Florida Governor Signs HB 337: Impact Fees

Oscar R. Rivera
June 9, 2021


Florida’s governor recently signed a new bill into law, House Bill 337, limiting a local government’s ability to impose impact fees on builders and developers embarking on new residential and commercial construction projects. The law, which took effect immediately and whose limits will be applied retroactively for increases in impact fees made since January 1, 2021, aims to prevent counties from hiking up costs associated with new builds.

An impact fee is a one-time fee assessed by local governments to developers and builders to offset a new development’s impact on existing infrastructure. The rationale behind the assessment is to essentially charge a tax on new construction to defray its costs on existing vital services such as schools, parks, roads and emergency services. Think: An increase in residents and users equals more of a burden on existing infrastructure.

Unfortunately, for years developers have complained that the impact fees collected by local governments are not actually used by the municipalities for remediating the impact the new growth has on the infrastructure at all. Oftentimes, developers argue that instead of investing the impact fee funds on improvements to the existing infrastructure affected by a new project, the impact fee funds are diverted to areas not remotely impacted by the new construction and are actually squandered away on other pet projects of local governments.

Prior to this bill becoming law, Florida counties and cities could raise impact fees as much as they wanted. But as of June 4, 2021, jurisdictions can only increase impact fees once every four years in the following manner: Increases between 25 to 50 percent must be spread over four years, while smaller increases would be implemented in two equal installments. A local government interested in surpassing the 50 percent cap would be required to perform a study demonstrating why the increase is justified, host two workshops dedicated to the extraordinary circumstances necessitating the need, and secure the approval of at least two-thirds in a vote of the governing body for the increase.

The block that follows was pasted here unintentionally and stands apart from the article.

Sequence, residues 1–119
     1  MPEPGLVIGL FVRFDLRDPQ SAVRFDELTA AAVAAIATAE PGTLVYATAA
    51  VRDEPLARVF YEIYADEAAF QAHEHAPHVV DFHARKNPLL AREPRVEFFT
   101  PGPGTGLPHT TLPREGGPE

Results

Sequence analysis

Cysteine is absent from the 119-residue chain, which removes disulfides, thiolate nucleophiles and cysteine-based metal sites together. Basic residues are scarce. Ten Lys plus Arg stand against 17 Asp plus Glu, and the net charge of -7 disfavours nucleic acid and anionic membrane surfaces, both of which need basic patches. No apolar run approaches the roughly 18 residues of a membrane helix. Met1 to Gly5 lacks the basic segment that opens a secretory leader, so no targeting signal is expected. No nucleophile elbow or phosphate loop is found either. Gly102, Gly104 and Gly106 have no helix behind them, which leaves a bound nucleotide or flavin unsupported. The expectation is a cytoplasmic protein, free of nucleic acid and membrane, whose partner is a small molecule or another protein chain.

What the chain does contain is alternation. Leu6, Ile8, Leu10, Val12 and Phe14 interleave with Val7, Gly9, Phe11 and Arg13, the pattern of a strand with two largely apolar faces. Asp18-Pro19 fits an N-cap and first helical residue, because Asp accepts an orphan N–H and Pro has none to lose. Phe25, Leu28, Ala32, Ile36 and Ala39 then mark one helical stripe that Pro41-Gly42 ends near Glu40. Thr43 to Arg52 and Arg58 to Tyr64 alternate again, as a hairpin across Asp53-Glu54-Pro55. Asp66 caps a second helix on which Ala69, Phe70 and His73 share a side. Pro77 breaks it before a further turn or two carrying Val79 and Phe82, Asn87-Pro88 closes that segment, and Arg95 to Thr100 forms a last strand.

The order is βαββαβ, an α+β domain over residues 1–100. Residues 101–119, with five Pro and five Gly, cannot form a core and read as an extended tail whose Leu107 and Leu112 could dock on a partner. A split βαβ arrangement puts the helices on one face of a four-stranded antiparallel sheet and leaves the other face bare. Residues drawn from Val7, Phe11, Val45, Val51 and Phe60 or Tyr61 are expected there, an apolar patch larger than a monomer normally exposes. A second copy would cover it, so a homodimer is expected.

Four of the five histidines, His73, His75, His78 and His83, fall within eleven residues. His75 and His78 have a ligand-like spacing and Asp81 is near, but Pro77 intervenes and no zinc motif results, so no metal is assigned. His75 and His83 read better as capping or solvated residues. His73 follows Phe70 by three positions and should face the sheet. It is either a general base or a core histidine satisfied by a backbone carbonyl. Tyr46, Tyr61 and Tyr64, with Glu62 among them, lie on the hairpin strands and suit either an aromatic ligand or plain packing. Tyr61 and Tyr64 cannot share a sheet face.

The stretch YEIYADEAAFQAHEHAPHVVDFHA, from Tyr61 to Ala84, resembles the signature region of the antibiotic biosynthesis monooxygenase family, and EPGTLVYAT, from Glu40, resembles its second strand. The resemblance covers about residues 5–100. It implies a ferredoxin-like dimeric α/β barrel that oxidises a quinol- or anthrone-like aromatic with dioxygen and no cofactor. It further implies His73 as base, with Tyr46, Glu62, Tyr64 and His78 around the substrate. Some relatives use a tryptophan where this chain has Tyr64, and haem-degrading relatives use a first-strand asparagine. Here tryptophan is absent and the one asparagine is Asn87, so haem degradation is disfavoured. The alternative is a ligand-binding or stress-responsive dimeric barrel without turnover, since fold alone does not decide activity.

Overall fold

Opponents of the bill believe that this new law will cause an increase in housing prices in an already burgeoning market that will only burden future homebuyers and inevitably lead to increases in property taxes and declining roads/infrastructure. Others who support the bill argue that it will increase existing home values while promoting growth because it will allow builders/developers some predictability when estimating a project’s cost.

Our firm’s other South Florida real estate attorneys and I will continue monitoring any pending legislation that will impact the industry and informing our readers of this blog. We encourage real estate industry members and followers to enter their email address in the subscription box on the right to automatically receive all our future posts.